UK Government confirms £32.9m boost for walking and cycling schemes
Local councils across England are being invited to participate in a new multi-million-pound Government scheme to launch local walking and cycling schemes, with funding set aside for upskilling, infrastructure and communications.
The Department for Transport (DfT) confirmed the £32.9m scheme on Monday (2 January), timing the announcement with the New Year in recognition of the fact that many Brits will be making resolutions to walk or cycle more.
Councils will need to apply for a share of the funding and will need to clarify their plans for ‘capability’ improvements and improving infrastructure. The former refers to training and retaining local members of staff – including engineers, planners and facilitators – to develop and deliver schemes. Staff will be supported to plan, consult, deliver and communicate schemes.
“Developing teams that lead active travel programmes will create more cost-effective and well-targeted projects,” the DfT said in a statement.
The DfT has stated that infrastructure options that could be eligible for funding include walking and cycling infrastructure on high streets, safety zones around schools and roads suitable for pedestrians, cyclists and wheelchair users.
Safety will be the main focus of all new designs and routes, given that DfT research has concluded that safety concerns are the top deterrent to cycling. These concerns impact women in particular, with eight in ten women polled by the DfT in support of more protected cycle lanes.
Aside from infrastructure, the funding will support cycle training schemes, school walking groups and subsidized bike rental schemes.
“If we want to enable hundreds of thousands more people to walk, wheel and cycle for everyday trips then we need to deliver high-quality schemes that make it feel easy, fun and safe,” said the Government’s National Active Travel Commissioner Chris Boardman.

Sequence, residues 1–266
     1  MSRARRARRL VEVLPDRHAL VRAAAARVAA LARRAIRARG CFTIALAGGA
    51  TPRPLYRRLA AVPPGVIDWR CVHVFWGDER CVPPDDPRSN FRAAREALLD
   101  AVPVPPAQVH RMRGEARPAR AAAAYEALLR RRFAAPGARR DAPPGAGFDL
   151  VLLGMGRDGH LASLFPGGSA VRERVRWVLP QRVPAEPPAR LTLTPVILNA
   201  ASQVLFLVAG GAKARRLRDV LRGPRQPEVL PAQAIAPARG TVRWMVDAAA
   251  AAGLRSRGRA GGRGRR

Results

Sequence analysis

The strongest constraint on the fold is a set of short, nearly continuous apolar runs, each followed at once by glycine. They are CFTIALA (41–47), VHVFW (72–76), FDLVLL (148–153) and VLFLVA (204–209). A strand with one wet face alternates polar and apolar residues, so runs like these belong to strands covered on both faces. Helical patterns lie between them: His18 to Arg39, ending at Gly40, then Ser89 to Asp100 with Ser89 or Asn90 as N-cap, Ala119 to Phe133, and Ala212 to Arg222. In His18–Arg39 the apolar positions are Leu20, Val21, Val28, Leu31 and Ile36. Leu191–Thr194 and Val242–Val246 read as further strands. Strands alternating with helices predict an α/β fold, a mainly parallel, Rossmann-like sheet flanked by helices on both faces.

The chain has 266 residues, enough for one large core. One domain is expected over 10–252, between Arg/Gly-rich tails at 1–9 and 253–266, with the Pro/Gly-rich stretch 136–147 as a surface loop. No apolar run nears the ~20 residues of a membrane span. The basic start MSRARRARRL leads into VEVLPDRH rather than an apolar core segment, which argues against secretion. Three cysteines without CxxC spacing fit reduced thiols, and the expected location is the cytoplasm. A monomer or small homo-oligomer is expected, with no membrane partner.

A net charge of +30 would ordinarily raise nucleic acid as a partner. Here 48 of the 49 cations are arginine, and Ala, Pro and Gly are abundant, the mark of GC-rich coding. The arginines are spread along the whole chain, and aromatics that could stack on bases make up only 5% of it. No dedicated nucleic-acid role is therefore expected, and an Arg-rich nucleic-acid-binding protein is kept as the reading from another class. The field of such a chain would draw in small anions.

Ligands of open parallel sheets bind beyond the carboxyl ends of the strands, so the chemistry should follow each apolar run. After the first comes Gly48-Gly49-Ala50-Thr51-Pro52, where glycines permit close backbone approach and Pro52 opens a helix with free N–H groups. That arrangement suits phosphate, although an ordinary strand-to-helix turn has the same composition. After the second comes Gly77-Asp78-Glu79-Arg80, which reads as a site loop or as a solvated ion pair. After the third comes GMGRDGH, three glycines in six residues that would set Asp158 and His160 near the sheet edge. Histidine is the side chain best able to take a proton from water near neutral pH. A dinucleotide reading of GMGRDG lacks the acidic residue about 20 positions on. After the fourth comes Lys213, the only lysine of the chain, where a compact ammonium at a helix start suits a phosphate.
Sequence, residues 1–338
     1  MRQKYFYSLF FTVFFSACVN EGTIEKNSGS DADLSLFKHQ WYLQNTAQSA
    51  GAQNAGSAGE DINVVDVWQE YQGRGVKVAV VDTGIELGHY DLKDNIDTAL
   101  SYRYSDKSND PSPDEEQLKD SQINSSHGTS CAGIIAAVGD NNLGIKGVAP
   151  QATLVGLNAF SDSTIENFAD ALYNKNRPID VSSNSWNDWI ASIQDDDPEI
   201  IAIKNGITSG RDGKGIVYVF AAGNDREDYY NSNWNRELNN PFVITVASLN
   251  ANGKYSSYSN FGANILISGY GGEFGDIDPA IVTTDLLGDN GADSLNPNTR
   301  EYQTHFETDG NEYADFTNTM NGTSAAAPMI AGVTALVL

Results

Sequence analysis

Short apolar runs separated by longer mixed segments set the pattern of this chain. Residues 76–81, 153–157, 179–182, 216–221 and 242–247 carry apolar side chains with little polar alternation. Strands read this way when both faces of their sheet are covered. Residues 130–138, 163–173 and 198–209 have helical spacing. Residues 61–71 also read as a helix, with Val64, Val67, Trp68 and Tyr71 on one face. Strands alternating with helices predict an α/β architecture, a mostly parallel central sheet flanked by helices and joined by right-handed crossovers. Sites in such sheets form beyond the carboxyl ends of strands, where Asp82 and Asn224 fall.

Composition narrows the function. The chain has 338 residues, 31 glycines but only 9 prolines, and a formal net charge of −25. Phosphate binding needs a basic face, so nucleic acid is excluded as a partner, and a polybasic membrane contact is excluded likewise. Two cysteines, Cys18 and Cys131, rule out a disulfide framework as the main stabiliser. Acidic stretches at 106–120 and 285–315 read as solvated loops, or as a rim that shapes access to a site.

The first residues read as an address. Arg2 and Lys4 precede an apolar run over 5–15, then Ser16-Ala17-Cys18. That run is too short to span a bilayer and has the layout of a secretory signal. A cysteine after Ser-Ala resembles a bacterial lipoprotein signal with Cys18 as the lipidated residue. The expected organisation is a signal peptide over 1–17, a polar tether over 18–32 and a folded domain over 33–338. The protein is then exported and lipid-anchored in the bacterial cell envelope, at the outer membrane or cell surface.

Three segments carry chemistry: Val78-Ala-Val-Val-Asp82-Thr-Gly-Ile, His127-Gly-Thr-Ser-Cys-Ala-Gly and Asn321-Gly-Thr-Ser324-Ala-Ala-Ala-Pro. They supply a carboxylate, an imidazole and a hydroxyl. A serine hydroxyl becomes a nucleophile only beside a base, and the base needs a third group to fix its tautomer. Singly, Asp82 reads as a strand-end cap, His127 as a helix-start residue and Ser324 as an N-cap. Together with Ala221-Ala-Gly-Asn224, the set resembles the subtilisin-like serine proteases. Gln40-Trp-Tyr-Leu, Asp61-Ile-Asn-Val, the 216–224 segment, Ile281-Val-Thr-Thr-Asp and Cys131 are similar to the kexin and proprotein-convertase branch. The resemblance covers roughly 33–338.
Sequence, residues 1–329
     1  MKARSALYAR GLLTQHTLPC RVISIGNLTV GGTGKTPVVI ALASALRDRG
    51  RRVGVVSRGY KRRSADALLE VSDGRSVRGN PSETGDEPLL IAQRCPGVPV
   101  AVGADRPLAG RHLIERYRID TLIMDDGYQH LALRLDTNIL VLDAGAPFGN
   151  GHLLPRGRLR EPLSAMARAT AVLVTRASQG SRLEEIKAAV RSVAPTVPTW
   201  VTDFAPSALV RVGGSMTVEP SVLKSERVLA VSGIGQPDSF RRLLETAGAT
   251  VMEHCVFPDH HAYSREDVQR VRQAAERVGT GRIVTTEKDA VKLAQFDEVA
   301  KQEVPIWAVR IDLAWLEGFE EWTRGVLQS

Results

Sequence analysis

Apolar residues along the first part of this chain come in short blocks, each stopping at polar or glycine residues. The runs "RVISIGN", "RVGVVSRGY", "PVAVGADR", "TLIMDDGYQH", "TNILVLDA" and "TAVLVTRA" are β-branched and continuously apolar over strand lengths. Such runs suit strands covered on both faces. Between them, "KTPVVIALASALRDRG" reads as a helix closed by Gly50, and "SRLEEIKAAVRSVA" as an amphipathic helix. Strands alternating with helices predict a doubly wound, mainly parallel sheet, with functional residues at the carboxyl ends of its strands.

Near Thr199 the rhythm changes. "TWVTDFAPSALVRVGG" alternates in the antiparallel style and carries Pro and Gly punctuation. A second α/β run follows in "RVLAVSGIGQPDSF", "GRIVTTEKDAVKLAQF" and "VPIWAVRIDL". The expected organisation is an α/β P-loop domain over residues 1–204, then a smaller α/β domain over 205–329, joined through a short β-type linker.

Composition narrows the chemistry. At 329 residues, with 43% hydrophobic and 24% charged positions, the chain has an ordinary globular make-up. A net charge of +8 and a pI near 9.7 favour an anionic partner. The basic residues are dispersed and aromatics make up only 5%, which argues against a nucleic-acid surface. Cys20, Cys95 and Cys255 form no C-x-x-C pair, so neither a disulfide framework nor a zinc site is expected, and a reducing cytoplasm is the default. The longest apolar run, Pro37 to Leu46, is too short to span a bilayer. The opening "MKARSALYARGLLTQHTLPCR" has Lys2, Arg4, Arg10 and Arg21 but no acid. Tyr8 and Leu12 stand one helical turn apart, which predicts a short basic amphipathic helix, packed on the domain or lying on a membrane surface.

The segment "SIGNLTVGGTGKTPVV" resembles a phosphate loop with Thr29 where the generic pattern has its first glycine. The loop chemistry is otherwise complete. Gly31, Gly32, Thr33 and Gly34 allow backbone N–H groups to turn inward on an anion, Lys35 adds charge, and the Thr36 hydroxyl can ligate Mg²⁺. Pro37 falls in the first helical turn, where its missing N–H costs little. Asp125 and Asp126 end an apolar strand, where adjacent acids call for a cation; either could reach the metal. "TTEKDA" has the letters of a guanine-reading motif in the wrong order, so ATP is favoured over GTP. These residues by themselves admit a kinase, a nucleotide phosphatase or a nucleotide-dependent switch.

“Of course, ensuring the right technical skills are in place at a local level is vital but so is engagement. Survey after survey has shown strong community support for making space for active travel but it’s vital that people get strong input into helping to decide what is the right solution for their area.”
Policy: Shifting gear?
The UK Government pledged £2bn to walking and cycling as part of its Covid-19 recovery plans – specifically the Ten-Point Plan for a Green Industrial Revolution. The Plan also earmarked £3bn for decarbonising and expanding public transport networks.
It has since trialled ‘cycling on prescription’.
Nonetheless, the Government has repeatedly been warned that its plans for decarbonising transport do not place enough of a focus on modal shift – the need to ensure that more journeys are taken using active transport and other zero or low-carbon options. The Climate Change Committee’s (CCC) most recent annual progress report to Parliament confirmed that the Transport Decarbonisation Plan, if enacted in full, will likely only bring about half of the emissions reductions needed through to the mid-2030s.
The current cost-of-living crisis may be a reason for the Government to rethink its approach. It is capping bus fares on thousands of routes across England at £2 until the end of March, recognising that costs and Covid-19 concerns have deterred members of the public from bus use in recent years. In launching the new walking and cycling funding, the DfT emphasised Cycling UK research concluding that motorists could save £126 per year by replacing short car journeys with bike rides.
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